As the calumnies contained in this paper of the missionaries affect his Royal Highness the Sultan, it is less necessary for me to confute them. We are faithful subjects of His gracious Highness. The Empire and the laws are his. Certainly then to calumniate his laws is to accuse him. He has established security for all throughout his kingdom, forbidding injuries to the life, honour, religion and property of his subjects. How strange then that readers of the Gospel should suffer oppression, and this, too, as the missionaries say, “with the connivance and aid of some of the Turkish authorities.”
Again, are there in Constantinople no Ambassadors-Representatives or Powers which love justice--to take cognizance of the alleged oppression? Are we in the deserts of Heathenism? These men should learn the value of their own souls and beware of spreading falsehoods to the injury of their consciences and of calumniating a Church which in her books and preaching recognizes Christ alone as her Head and is founded upon Christ alone as her Hope. I know not with what spirit they must be moved, to write as they have done and call upon the benevolent for sympathy, labouring to excite their grief and to convince the Christian world of the truth of their misrepresentations. Since the Holy Gospel is not the promoter of such hostility, I cannot doubt that making the cause of the Gospel a pretext, they only desire to excite disturbance, thus dishonoring and making void the Gospel under cover of the Gospel itself.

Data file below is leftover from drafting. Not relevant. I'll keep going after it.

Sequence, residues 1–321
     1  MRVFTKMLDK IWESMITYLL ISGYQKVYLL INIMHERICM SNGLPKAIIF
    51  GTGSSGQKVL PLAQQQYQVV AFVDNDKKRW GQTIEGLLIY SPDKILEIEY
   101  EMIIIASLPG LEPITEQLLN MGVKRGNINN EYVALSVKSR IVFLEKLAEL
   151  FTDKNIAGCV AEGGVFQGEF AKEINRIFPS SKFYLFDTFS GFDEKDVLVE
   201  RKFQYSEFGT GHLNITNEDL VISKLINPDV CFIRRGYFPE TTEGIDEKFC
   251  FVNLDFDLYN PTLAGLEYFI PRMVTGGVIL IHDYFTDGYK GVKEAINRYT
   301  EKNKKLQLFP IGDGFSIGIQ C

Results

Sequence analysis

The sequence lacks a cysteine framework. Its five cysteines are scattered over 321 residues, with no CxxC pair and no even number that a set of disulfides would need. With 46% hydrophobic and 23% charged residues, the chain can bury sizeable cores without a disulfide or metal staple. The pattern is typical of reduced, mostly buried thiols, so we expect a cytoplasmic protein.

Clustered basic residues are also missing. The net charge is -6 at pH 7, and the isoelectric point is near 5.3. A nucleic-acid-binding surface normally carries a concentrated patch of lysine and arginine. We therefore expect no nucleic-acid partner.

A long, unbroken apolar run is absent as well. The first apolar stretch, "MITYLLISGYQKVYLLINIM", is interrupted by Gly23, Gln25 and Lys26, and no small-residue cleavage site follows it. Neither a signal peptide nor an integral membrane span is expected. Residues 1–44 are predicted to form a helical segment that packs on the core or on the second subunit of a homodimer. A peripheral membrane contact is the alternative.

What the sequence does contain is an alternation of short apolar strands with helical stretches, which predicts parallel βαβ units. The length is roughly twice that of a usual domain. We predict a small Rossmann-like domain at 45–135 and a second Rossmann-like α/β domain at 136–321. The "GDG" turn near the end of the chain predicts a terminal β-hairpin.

The missionaries are unquestionably right in saying that those who have not the Gospel should be brought to the knowledge of it. In this we agree; it is the duty of us all; for the foundation of the Christian faith is Holy Scripture. But it is not to be done in a way which destroys the Gospel. Because one reads the Gospel as his creditor therefore not to claim from him his due? Is a landlord a persecutor because he will not retain a tenant who does not pay his rent, or whom he does not desire, though he declare himself a reader of the Gospel? How can men be angry and indulge in falsehoods at such just proceedings? Or are such creditors and landlords to be accounted rejecters of the Gospel?